New Delhi, Nov. 13: Delhi police today claimed to have busted the conspiracy behind the pre-Diwali blasts here with the arrest of Tariq Ahmad Dar, a gold medallist in chemistry and father of a one-year-old daughter.
Police commissioner K.K. Paul said at a news conference that Dar, who works as assistant sales manager for the pharmaceutical company Johnson & Johnson in Srinagar, was a Lashkar-e-Toiba militant.
Dar was arrested on November 10 in Kashmir, according to information provided by the police.
Paul said 31-year-old Dar had hatched the plot with two other Lashkar colleagues, Abu al Qama and Abu Huzefa.
Days before the blasts, Rs 4.86 lakh was deposited into Tariq’s HDFC Bank account in Srinagar from Saudi Arabia. Paul said the money was meant to finance the October 29 blasts, in which over 60 people were killed.
The police said intercepts of mobile phone conversations with Lashkar commanders had indicated his involvement in the blasts. “We got important clues from the spot that indicated that the accused was in regular touch with the militants,” Paul said.
Dar was being taken to the sites of the explosions and places he had mentioned to verify his account.
His family, which had lodged a missing person report at Pampore police station in Kashmir, denied the charges. “He was returning to Srinagar after a business trip to Anantnag town when he was arrested by the police,” said his brother.
Paul said: “Tariq was not in Delhi on October 29 on the day of the blasts, but was coordinating the operation from Srinagar. He is a Lashkar financier, conspirator and spokesman.”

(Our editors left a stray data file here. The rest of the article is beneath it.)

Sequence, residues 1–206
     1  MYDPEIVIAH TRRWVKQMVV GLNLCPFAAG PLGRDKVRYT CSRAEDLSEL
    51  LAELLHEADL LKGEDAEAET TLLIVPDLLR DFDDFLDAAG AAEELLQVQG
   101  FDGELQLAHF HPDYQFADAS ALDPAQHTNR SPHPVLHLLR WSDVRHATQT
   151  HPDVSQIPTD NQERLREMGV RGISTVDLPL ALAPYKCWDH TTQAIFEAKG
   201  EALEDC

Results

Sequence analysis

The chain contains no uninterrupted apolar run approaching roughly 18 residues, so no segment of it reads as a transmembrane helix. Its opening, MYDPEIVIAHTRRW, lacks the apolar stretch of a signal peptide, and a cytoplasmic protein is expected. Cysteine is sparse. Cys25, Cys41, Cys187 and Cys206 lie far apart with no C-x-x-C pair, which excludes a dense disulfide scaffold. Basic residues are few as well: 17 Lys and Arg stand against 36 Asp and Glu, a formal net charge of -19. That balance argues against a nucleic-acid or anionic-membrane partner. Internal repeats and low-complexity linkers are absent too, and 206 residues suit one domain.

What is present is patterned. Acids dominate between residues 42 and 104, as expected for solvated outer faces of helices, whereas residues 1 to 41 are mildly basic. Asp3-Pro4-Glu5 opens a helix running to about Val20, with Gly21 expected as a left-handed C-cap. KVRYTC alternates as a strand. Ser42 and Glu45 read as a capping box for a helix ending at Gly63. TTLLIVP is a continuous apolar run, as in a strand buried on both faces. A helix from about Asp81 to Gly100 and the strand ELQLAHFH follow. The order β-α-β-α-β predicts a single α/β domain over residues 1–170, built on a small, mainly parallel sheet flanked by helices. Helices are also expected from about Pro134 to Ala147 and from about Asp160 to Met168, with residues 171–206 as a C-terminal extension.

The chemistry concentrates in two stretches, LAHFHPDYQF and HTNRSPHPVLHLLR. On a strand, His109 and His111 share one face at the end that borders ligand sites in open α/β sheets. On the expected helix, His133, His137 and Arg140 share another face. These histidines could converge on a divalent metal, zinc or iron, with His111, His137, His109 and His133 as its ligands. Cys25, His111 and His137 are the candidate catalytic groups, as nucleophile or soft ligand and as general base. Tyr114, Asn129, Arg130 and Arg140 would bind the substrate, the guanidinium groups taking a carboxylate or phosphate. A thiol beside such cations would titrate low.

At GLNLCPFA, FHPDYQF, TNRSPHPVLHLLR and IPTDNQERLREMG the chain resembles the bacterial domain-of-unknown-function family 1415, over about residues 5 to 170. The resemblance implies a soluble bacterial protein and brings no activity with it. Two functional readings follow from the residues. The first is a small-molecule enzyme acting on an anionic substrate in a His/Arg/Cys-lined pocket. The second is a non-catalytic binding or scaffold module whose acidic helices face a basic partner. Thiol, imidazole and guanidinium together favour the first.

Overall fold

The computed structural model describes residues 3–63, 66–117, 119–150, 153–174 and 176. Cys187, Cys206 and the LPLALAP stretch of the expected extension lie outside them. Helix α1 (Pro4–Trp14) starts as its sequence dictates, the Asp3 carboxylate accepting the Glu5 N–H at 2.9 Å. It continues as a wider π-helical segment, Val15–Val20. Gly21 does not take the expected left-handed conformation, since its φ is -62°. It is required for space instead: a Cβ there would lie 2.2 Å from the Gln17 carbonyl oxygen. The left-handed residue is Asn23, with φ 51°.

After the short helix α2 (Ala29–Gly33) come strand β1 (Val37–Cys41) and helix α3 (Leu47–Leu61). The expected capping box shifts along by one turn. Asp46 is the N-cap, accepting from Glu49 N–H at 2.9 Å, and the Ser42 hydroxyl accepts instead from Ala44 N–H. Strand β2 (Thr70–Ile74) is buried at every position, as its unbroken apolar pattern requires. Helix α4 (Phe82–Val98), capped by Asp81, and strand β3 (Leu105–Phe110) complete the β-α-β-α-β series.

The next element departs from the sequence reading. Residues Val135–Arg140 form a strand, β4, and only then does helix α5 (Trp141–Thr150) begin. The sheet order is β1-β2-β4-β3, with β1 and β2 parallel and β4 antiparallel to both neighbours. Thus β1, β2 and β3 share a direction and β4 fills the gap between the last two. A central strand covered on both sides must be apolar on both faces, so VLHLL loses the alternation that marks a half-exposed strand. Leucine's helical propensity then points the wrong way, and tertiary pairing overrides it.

He added: “He was also instrumental in bringing the group together.”
The conspiracy was hatched in the first week of October when Dar arrived in Delhi, spending two days. “We have sufficient evidence to prove the conspiracy,” Paul said. About 300 police personnel have been working for the past two weeks to unravel the conspiracy.
“Investigations have revealed that at least four persons were involved in the three blasts in Delhi. These include Qama and Huzefa. Their identities have been confirmed. At least two of the group belong to Jammu and Kashmir while the other two are foreign nationals,” Paul said.
“The identity of the bombers is more or less confirmed and we are searching for them.”
At the time of arrest, Dar was out on bail after spending 32 days in jail after being picked up in April for illegal possession of arms and ammunition and foreign currency. He had 73,500 riyals on him when he was arrested on Thursday.
Paul said investigations had revealed that the phone call to a Kashmir news agency claiming that Lashkar was not behind the blasts was made on the instructions of Dar who wanted to mislead the investigating agencies.
He was brought to Delhi on Friday and was remanded in police custody for 14 days.
Dar apparently came in touch with militancy when he was writing for a magazine in Kashmir, making the acquaintance of a reporter who later joined the Hizb-ul Mujahideen and kept up contact.
Last week, a breakthrough was claimed after the arrest of one other person in Kashmir, who, branded a terrorist at first, had turned out to be a thief.